Contact: Mbinga Mbinga    +260 (977) 480413    dr.mbinga@gmail.com   
University Teaching Hospital's Lusaka Childrens Hospital Recruiting
Lusaka, Zambia
Contact: Phillip Thesing, DO    +260962121455    phillip_thesing@urmc.rochester.edu   
Contact: Gretchen L Birbeck, MD    +260978086957    gretchen_birbeck@urmc.rochester.edu   
Sponsors and Collaborators
University of Rochester
National Institute of Neurological Disorders and Stroke (NINDS)
Investigators
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Principal Investigator: Gretchen L Birbeck, MD University of Rochester
  Study Documents (Full-Text)

Documents provided by Gretchen Birbeck, University of Rochester:
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Responsible Party: Gretchen Birbeck, Professor, University of Rochester
ClinicalTrials.gov Identifier: NCT03399318    
Other Study ID Numbers: RSRB00067717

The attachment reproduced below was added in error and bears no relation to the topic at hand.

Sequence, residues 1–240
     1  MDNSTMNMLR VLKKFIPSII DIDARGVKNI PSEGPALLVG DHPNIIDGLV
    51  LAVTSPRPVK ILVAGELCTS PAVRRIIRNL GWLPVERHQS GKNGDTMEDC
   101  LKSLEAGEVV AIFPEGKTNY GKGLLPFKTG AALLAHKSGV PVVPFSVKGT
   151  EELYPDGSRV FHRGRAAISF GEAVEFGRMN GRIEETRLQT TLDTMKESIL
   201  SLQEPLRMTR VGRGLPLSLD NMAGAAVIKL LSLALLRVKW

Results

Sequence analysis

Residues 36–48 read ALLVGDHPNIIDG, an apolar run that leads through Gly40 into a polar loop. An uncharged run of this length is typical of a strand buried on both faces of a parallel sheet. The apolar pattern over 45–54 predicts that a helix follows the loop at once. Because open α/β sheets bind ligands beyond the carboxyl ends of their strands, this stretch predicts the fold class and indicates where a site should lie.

R01NS102176 ( U.S. NIH Grant/Contract )
First Posted: January 16, 2018    Key Record Dates
Last Update Posted: June 11, 2020
Last Verified: June 2020
Individual Participant Data (IPD) Sharing Statement:
Plan to Share IPD: No

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Studies a U.S. FDA-regulated Drug Product: No
Studies a U.S. FDA-regulated Device Product: No
Product Manufactured in and Exported from the U.S.: No
Keywords provided by Gretchen Birbeck, University of Rochester:
HRP2
Additional relevant MeSH terms:
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Malaria
Parasitemia
Seizures
Protozoan Infections
Parasitic Diseases
Neurologic Manifestations
Nervous System Diseases
Signs and Symptoms
Sepsis
Systemic Inflammatory Response Syndrome
Inflammation
Pathologic Processes
Acetaminophen
Ibuprofen
Analgesics, Non-Narcotic
Analgesics
Sensory System Agents
Peripheral Nervous System Agents
Physiological Effects of Drugs
Antipyretics
Anti-Inflammatory Agents, Non-Steroidal
Anti-Inflammatory Agents
Antirheumatic Agents
Cyclooxygenase Inhibitors
Enzyme Inhibitors
Molecular Mechanisms of Pharmacological Action